Yesterday, we noted that the Army is cracking down on soldiers who might divulge sensitive information in their blogs or personal e-mails. Under a new Army policy that went into effect late last month, superior officers must approve the content of blog entries or personal e-mails before they are posted or transmitted. The policy represents the sharpest restriction on soldiers' on-line activities since the start of the Iraq War. Some observers also fear that the new restrictions could mean the end of milblogs in their present, uncensored form.
Unfortunately, our enemies don't operate with such restrictions. USA Today's Mimi Hall reports that terrorist groups--including Al Qaida--are becoming even more sophisticated in their use of the internet to propagandize, raise money, and recruit more operatives. According to a new government report, terror organizations are also using "flashy websites, provocative video games, hip-hop music and gruesome images of bloodied Muslim children to recruit young people online." And apparently, the U.S. is doing little to counteract that activity:
"There's only one side on the battlefield, and it isn't us," says Frank Cilluffo, director of George Washington University's Homeland Security Policy Institute, who will testify on the institute's Internet-Facilitated Radicalization report in the Senate today. "We've created this global village — the Internet — without a police department."
According to Republican Senator Susan Collins of Maine, insurgents also use the web to review attack techniques (such as shooting down helicopters) , watch videos of hostage beheadings, and listen to messages from terror leaders. Virtual one-stop shopping for jihadists.
Clearly, everyone agrees that the use of the web by terrorists is a growing problem. But listen to this proposed "solution:"
The report doesn't advocate stripping people of their rights to communicate ideas on the Internet. Instead, it says national leaders need to develop a compelling "counter-narrative" that the "West is not engaged in a battle against Islam," hire more intelligence officers to infiltrate chat rooms and foster better relations with Muslims.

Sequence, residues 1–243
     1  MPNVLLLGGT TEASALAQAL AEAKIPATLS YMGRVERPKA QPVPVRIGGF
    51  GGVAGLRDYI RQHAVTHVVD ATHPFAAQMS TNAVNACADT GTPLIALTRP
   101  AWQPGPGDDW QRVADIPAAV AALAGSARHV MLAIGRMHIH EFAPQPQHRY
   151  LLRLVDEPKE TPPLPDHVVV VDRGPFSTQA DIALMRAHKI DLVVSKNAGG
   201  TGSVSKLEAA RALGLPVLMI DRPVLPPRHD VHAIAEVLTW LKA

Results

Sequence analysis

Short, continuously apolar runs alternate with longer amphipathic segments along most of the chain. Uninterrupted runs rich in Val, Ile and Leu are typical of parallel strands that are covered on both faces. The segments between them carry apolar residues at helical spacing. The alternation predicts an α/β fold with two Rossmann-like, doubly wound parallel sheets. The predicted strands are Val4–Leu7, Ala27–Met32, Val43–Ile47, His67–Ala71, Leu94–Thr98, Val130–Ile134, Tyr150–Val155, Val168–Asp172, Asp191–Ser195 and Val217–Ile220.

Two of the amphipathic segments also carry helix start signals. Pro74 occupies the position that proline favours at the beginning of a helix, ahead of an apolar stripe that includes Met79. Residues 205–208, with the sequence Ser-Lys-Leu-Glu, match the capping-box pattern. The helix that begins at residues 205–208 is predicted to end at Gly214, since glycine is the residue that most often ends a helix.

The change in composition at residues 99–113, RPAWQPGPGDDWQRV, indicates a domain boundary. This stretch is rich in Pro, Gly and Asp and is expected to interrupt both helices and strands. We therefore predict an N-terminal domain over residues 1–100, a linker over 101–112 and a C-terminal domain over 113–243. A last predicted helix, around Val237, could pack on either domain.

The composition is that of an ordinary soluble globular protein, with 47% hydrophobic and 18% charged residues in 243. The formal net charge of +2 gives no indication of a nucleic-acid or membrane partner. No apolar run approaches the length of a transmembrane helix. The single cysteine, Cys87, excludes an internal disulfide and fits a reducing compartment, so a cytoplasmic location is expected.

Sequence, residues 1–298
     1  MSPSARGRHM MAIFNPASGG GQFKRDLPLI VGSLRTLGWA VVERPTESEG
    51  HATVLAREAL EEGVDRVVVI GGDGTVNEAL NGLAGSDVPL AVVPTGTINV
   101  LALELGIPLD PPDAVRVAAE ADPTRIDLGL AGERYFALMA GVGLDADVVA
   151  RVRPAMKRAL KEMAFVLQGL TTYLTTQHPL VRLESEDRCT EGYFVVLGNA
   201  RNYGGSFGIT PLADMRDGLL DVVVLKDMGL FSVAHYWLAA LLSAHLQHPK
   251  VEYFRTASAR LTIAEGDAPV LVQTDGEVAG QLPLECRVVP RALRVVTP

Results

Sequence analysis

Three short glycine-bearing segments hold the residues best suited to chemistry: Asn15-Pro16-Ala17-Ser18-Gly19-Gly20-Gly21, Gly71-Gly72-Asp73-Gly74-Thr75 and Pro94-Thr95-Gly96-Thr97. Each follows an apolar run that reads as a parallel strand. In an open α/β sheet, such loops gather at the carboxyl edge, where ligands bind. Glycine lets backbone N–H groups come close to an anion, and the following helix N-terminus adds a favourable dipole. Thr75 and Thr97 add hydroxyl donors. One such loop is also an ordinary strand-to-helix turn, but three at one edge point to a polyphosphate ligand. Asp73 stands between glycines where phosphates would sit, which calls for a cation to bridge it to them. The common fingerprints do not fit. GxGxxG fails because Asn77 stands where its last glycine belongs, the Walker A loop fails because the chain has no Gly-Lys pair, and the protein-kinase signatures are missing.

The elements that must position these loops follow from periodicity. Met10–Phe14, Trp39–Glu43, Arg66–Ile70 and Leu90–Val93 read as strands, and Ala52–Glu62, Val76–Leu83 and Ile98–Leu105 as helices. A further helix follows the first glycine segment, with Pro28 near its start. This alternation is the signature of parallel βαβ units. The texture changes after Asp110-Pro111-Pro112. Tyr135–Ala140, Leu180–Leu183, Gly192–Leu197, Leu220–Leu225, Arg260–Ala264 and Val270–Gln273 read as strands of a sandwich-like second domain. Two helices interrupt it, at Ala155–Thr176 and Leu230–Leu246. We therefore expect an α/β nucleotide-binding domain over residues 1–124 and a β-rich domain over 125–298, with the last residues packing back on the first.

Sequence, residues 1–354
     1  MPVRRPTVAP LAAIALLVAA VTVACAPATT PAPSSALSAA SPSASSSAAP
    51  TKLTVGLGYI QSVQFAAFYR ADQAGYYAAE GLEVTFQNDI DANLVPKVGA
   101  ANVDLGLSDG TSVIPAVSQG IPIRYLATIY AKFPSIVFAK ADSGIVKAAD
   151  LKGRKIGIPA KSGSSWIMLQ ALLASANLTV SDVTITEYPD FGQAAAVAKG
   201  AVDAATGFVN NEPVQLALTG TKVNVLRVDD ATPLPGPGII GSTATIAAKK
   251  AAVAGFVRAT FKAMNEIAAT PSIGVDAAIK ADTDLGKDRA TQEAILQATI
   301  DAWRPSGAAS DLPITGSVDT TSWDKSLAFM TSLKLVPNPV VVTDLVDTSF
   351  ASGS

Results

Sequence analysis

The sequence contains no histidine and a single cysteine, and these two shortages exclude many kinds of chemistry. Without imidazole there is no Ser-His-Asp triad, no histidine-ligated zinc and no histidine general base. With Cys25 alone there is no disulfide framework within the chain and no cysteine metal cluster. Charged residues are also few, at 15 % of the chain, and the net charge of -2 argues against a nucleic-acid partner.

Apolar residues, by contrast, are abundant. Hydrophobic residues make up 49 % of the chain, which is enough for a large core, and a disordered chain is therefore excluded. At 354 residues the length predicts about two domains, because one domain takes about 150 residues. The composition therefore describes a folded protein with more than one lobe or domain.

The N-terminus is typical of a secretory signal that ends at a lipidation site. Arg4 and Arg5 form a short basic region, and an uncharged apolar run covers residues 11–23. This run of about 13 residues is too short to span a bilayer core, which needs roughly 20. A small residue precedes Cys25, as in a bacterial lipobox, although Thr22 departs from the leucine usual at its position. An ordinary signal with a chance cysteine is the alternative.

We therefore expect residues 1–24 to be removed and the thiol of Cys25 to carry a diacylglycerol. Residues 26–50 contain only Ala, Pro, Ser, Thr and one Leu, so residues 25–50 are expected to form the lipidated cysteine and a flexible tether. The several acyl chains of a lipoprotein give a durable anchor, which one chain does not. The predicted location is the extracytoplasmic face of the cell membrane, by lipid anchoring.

Homeland Security Department spokesman Russ Knocke says officials are working with intelligence officers, Muslim leaders and police to address the problem. "It is something that is going to require the vigilance of local authorities," he says. "They are going to be more likely than the federal government to detect the preliminary signs of radicalization."
That's all well and good, but it only represents a partial solution--at best. What we really need is a full-scale Information Operations (IO) campaign against the jihadists, encompassing all the tools of the trade: intelligence, psyops, deception, public information, and yes, cyber-warfare. For whatever reason, our response to terrorism on the web has been piecemeal at best, allowing jihadist websites to multiply and flourish.
The failure of our "traditional" approach was underscored in an anecdote recently relayed to me by a military IO officer. During a recent deployment, he participated in a briefing that (among other things) highlighted insurgent activity on the web. When the senior officer present --a two-star general--asked what was being done to take down terrorist web sites, the briefer simply shrugged.
As highlighted in the USA Today article, insurgents have become adept at developing content or entire web sites, then placing it on U.S.-based servers. That makes the job of neutralizing that material more difficult, but not impossible. And, the first step in that process is realizing that the "global village" described by Mr. Cilluffo is really a battlefield, to be contested and won like any other in the war on terrorism. We can't win the information war with net nannies, cyber police and outreach programs for Muslim groups. If we're serious about challenging our enemies on the web--and we'd better be--we need a strategy that unleashes the full spectrum of IO techniques against our enemies, and employment of that strategy on a relentless, global scale.
Terrorists use the web for a variety of reasons; it's universally available, cost-effective, relatively anonymous, and allows them to reach millions of potential converts and operatives with a few keystrokes. But there's another, compelling reason that insurgents have migrated to the web--the lack of an effective counter-strategy among their enemies. We can fix that latter problem, but only if our leaders--national and local, civilian and military--have the courage to use all the tools at their disposal. The revised strategy won't always be transparent, and it may sometimes spill into "neutral" domains. But this more aggressive approach would make it even more difficult for terrorists to operate on the web--and that's the real bottom line.